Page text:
UG Portfolio Advice for Animation, Interaction Design and Visual Communication

UG Portfolio Advice for Animation, Interaction Design and Visual Communication

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Hi there everyone, I'm David Sims, I'm the  program director for International Studies   and Progression and I've got my colleague with  me today, Bill Long and Bill will just introduce   himself. - Hi, I'm Bill Long, I am the college  admissions tutor at LCC, plus also an academic   teacher on the level four course. - Thanks, Bill, that's great. So myself and Bill are going to be   supporting this presentation today in  relation to the courses that we're covering today   are BA (Honours) Animation, BA (Honours) Illustration  and Visual Media, BA (Honours) Interaction Design Arts   and BA (Honours) User Experience Design. All these  courses are very different, they have different   flavours to them, they have similar pathways but  they're all very different courses but in relation   to Animation, it's a practical course enabling  you to choose one of four specialist pathways   that reflect industry specialisms. Animation arts,  3D computer animation, visual effects, and game arts.  

For Illustration and Visual Media, it's a  studio-based course that aims to produce creative   and innovative illustrators who are prepared  to take risks with their work. And then we have   Interaction Design Arts, this is a practice-led  dynamic and exploratory course examining the   relationships between people and experiences  through experimental technologies and processes,   and then User Experience Design is a  design led and digitally focused course   that explores user experience and user interface  design for current and emerging technologies. So there's some courses that are not covered today,  for portfolio advice, for any of the other courses,   check out our other portfolio advice events  on our website to book your place and for   access to more advice on topics including how  to structure your portfolio, what to include, and   preparing a portfolio. Again, there's a there's  a link there visit  

so again, it may be  useful to take a quick picture of that screen   and then also check out London College of  Communication YouTube to see recordings   of all our portfolio advice sessions and we  actually do have a dedicate YouTube site   for UAL and London College of Communication, where  there's a huge range of films and   recordings for you to look at. Some more  specifically to do with progression to LCC and   UAL, but there's others there that are lectures,  seminars etc., there's some course content   on there so I would really recommend  that you just go onto the YouTube site, look at   the recordings and just have a play and look at  some of the things that are available for you to see. So what are we looking for? So in a  portfolio, we're looking for visual language,   quality of structure, use of line, shape, 2D or 3D,  form, scale, space, light, colour, texture and time,   ideas generation, the quality of ideas and the  thought processes, expression of design thinking,   research in its application including images  from sketchbooks, evidence of investigation and   the use of appropriate resources. Now these are  things you're probably undertaking and studying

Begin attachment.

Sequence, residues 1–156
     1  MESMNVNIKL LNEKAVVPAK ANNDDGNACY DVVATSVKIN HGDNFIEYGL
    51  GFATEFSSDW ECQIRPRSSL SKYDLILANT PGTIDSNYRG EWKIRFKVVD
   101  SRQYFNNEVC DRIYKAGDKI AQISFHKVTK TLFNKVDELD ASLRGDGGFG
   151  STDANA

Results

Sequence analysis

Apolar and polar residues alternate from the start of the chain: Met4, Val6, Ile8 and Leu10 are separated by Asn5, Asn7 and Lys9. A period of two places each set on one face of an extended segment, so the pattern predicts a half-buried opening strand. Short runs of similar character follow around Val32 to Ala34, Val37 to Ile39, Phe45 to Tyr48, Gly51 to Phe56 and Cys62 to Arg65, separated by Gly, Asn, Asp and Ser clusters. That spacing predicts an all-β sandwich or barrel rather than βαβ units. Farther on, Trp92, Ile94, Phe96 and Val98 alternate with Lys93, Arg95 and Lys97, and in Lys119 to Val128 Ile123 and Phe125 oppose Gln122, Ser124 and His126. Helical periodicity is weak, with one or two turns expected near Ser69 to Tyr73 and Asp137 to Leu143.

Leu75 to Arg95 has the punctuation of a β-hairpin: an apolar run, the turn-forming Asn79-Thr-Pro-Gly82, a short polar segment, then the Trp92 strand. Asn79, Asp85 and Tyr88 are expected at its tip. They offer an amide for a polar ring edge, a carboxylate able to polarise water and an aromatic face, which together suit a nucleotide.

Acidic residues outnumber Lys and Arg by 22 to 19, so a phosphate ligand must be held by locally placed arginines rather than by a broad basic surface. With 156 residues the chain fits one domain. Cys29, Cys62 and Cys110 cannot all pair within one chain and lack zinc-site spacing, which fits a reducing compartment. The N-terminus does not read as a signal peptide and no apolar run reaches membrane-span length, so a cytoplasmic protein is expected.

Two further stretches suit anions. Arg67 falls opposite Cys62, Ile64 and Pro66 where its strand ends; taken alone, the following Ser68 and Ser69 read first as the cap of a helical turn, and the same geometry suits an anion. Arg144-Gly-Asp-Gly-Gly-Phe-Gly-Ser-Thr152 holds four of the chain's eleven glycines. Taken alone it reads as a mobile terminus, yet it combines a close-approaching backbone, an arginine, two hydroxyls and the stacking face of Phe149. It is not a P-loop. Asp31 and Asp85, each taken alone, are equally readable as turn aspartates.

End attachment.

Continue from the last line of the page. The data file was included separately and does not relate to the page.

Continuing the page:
and making and doing and playing with in your  current studies or in previous studies so   these are all very basic formal principles of  design and communication. Just to note that BA   (Honours) Animation has its own requirements and  that you can look those up on their web page. So materials, medium, exploration, experimentation,  testing and materials to achieve outcomes,   contextual awareness and its influence on the  portfolio, understanding and application of   subject knowledge and context, you're required to  present a portfolio with a maximum of 20 images   that you consider would help support your  application and again there's animation has its   own requirements on their web pages, so again, what  these requirements are, what we're looking for,   you will be undertaking these  skills, this learning, you will be doing this, it's   nothing new to you, so you know please don't  be worried that, you know, things like context   awareness, you're all looking at other artists  and other designers to inform your practice   as you make whatever you're making and  I'll say a maximum of 20 images. So I'm going to talk a little bit more in depth  about the courses. BA (Honours) Animation, so   within your work sample include no more than  five minutes of durational work, moving image   or sound along with a contextual statement that  explains your contribution to the finished product.   Clearly identify your role within the production  of the durational work, avoid creating new work   and use already existing pieces of work, so  that's quite specific in relation to Animation,   moving images or sound, and it really  does need to be no more than five minutes.

Evidence of ideas, generation, quality of  ideas and expression of conceptual thinking,   technical skills and experimentation with visual  creativity demonstrating your own creative work.   Materials and media explanation, experimentation  and testing your materials in realisation of   concepts, an understanding of the need for a critical analytical approach   to research and practice to this area of study.  No more than 10 examples of your current work. Personality is paramount so your portfolio should  be professional, but it also should be human, it   should reflect you and we want to see what your  passion, enthusiasm is. Put yourself into the work,